I originally posted this article to x.com on August 10, 2010. Since that time, x.com has been repurposed, and my posts have been taken down. I have reposted this here for informational and historical purposes.
Update 9/16/2014: I’ve tried to update this information to reflect the myriad of different account layouts that are available as of today.
One of the very first things that you must do when implementing Website Payments Pro, Express Checkout, Mobile Checkout, Adaptive Payments, or Adaptive Accounts is to get your API credentials. For someone like me, who has done this a hundred times, this is pretty simple; but I get calls almost every day from new merchants and developers who just don’t know what API credentials are, and where to go to get them. Further, in all my browsing through paypal.com and x.com, I don’t think I’ve ever seen a clear, concise guide on how to retrieve your API credentials. So, here’s the answer.
What are API credentials?
First off, what is an API? An API is the way two programs communicate with each other. The particulars will vary depending on what program is talking to what, but essentially, the API is generally going to be a very structured, very specific message that asks one program to do something for the other. In the case of the PayPal APIs, scripts on your web server send an API “call” to the PayPal servers, asking PayPal to do something for your site. PayPal answers back with information about whether or not the request could be completed, as well as any information requested by that API call.
Think of it like a phone call to your friend. To start off, you dial a specific phone number. Someone on the other end picks up the phone. (If no one picks up after a certain amount of time, the call “times out”, and you either hang up the phone, or the answering machine/voice mail picks up.) When a person on the other end picks up, you expect to hear them say “Hello?”. You then ask for your friend. The person on the other end puts your friend on the phone, and you begin your conversation. When you are finished, you both say “goodbye”, and hang up the phone.
This phone call scenario resembles an API call, because it’s very structured, it includes the exchange of application-specific data (in the form of a conversation that is relevant to both of you), and it even includes error checking. If the person on the other end doesn’t say “Hello?” when they pick up the phone, or if you don’t recognize the voice, you might get confused, hang up, and call back. When you do get an answer, you make a request for a specific service (your friend). If the call ends before you both say “goodbye”, you’ll call them back and attempt to continue your conversation.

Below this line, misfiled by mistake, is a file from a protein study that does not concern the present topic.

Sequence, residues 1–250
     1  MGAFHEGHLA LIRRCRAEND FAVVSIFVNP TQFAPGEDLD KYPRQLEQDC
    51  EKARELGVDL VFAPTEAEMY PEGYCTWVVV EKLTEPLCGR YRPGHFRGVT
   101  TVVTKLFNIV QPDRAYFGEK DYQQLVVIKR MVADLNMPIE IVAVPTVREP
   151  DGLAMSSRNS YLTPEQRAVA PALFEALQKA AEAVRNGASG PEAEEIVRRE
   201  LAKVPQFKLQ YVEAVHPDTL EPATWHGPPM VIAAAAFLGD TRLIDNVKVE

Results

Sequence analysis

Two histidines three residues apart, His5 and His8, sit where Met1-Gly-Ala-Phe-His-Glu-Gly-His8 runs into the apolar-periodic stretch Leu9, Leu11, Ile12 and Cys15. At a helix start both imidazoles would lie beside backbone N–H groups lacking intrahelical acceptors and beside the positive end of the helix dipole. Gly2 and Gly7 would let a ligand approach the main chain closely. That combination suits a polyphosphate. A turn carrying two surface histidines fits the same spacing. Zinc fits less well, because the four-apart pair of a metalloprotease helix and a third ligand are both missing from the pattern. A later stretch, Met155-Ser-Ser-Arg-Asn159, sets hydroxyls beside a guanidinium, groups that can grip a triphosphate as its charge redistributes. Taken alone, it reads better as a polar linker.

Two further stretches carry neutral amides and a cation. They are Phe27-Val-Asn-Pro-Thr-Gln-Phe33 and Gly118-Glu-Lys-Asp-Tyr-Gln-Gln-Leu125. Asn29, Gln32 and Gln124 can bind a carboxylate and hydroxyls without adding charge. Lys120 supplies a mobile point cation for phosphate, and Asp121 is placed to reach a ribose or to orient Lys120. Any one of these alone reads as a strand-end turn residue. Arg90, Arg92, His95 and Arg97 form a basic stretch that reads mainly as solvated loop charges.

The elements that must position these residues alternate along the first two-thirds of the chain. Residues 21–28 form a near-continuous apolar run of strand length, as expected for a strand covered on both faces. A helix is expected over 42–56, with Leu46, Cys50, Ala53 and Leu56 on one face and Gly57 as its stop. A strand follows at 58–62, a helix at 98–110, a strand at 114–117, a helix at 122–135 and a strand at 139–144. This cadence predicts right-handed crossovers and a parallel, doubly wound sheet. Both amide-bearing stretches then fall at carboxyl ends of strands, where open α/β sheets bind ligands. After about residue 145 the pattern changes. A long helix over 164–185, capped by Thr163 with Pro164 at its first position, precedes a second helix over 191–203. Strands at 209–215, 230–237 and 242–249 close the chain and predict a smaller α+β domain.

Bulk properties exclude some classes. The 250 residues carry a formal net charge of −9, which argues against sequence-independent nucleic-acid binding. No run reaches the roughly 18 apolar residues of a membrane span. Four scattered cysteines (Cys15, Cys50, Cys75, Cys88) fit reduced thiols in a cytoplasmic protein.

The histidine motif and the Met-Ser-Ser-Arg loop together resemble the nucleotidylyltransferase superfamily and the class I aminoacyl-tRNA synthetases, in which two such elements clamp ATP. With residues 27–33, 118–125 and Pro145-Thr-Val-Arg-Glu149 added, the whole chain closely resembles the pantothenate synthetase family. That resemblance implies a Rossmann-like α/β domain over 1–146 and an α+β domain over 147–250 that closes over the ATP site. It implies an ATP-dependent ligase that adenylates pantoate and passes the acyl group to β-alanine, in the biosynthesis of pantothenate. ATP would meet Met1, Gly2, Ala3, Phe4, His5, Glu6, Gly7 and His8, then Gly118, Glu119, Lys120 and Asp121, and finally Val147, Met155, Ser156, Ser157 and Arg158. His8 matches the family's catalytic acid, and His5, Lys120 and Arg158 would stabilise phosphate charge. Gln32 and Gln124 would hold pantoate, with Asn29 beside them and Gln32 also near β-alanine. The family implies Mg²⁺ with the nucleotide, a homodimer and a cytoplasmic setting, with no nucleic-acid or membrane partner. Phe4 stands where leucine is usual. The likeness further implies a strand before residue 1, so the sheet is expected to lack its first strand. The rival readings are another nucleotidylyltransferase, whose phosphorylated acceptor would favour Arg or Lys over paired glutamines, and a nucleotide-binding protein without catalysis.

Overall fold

If all else fails, just think of an API call as a phone call between two computers in a language you don’t understand.
So, what are API credentials? Well, in our “phone call” scenario, suppose that, when the person on the other end of the phone answers, they don’t recognize your voice. Or, they don’t recognize the number that came up on the caller ID. They’ll ask, “who is this?”, and you’ll answer with your name. If they still don’t recognize you, you can include something like “It’s me, Billy! I was your best friend in high school!” In a nutshell, that’s what API credentials are — they tell PayPal who it is that’s making the request, and it includes information that should only be known to a person or program that has been authorized to make the API call.
PayPal’s API credentials consist of an API username and password (these are not the same as the username and password you use to log in to paypal.com), as well as a third piece of information — either a signature or a certificate. A certificate is a file that contains cryptographic information about how your systems should communicate with PayPal (those more familiar with SSL may be familiar with the term “client-side SSL certificate”). A signature is simply a piece of text that your scripts send, along with the username and password, when communicating a request to PayPal.
Before you start, you’ll need to figure out which one you need. If you’re using a third-party shopping cart, the shopping cart will determine which one you need — check with them. Most shopping carts use the signature. If you’re a programmer just starting out, we recommend the signature, because it’s a lot easier to implement. If you choose the wrong one, don’t worry — you can switch back and forth at any time. Just keep in mind that you can only have one or the other on your account at one time, not both — e.g., if you choose a certificate, and it turns out later that you need a signature, you’ll have to delete the certificate in order to get a signature.
How do I get my API credentials?
The procedures will be
slightly different depending on a number of factors, such as whether you are on the live site or the Sandbox, and what type of account you have, etc.
If you need credentials for your live PayPal account, start with Procedure A below.
If you need credentials for your Sandbox PayPal account, skip to Procedure B below.
Log in to your PayPal account
Sign into the PayPal Developer Portal and create a Sandbox account
You will need a PayPal account on the live site before you begin. If you do not have one, go to https://www.paypal.com and sign up. Verify your email address before continuing.
Once you have created a PayPal account, go to https://developer.paypal.com and click Log In.
Log in with your live PayPal email address and password.
Once you’re logged in, click Dashboard.
Under the Sandbox heading, click Accounts.
Next, click Create Account.